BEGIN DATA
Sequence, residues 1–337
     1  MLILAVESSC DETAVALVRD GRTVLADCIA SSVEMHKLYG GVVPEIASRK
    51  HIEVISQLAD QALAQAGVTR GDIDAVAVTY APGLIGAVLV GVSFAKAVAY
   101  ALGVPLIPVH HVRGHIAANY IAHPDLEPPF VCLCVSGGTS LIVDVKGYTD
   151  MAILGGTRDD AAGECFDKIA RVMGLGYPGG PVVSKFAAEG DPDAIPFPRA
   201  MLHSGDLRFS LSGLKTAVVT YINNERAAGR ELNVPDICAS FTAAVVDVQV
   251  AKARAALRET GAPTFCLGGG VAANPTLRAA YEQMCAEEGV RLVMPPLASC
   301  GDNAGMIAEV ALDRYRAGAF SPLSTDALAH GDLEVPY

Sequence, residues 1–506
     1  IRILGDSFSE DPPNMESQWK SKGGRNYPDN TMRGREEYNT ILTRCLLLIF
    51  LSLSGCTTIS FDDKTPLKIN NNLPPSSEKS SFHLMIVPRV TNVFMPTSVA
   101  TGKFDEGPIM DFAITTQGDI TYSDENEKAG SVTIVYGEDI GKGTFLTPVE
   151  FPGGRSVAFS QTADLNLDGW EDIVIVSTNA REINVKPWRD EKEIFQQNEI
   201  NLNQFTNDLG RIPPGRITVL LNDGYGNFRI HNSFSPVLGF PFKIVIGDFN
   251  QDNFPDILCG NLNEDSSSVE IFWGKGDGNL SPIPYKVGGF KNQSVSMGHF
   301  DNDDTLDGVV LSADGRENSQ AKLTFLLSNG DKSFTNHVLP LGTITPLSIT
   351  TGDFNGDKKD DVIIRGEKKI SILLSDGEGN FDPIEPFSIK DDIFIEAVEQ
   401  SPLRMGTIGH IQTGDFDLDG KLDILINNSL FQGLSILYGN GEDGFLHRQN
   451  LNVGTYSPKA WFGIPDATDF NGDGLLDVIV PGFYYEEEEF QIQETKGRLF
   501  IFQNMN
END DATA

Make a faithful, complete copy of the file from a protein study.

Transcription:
Sequence, residues 1–337
     1  MLILAVESSC DETAVALVRD GRTVLADCIA SSVEMHKLYG GVVPEIASRK
    51  HIEVISQLAD QALAQAGVTR GDIDAVAVTY APGLIGAVLV GVSFAKAVAY
   101  ALGVPLIPVH HVRGHIAANY IAHPDLEPPF VCLCVSGGTS LIVDVKGYTD
   151  MAILGGTRDD AAGECFDKIA RVMGLGYPGG PVVSKFAAEG DPDAIPFPRA
   201  MLHSGDLRFS LSGLKTAVVT YINNERAAGR ELNVPDICAS FTAAVVDVQV
   251  AKARAALRET GAPTFCLGGG VAANPTLRAA YEQMCAEEGV RLVMPPLASC
   301  GDNAGMIAEV ALDRYRAGAF SPLSTDALAH GDLEVPY

Sequence, residues 1–506
     1  IRILGDSFSE DPPNMESQWK SKGGRNYPDN TMRGREEYNT ILTRCLLLIF
    51  LSLSGCTTIS FDDKTPLKIN NNLPPSSEKS SFHLMIVPRV TNVFMPTSVA
   101  TGKFDEGPIM DFAITTQGDI TYSDENEKAG SVTIVYGEDI GKGTFLTPVE
   151  FPGGRSVAFS QTADLNLDGW EDIVIVSTNA REINVKPWRD EKEIFQQNEI
   201  NLNQFTNDLG RIPPGRITVL LNDGYGNFRI HNSFSPVLGF PFKIVIGDFN
   251  QDNFPDILCG NLNEDSSSVE IFWGKGDGNL SPIPYKVGGF KNQSVSMGHF
   301  DNDDTLDGVV LSADGRENSQ AKLTFLLSNG DKSFTNHVLP LGTITPLSIT
   351  TGDFNGDKKD DVIIRGEKKI SILLSDGEGN FDPIEPFSIK DDIFIEAVEQ
   401  SPLRMGTIGH IQTGDFDLDG KLDILINNSL FQGLSILYGN GEDGFLHRQN
   451  LNVGTYSPKA WFGIPDATDF NGDGLLDVIV PGFYYEEEEF QIQETKGRLF
   501  IFQNMN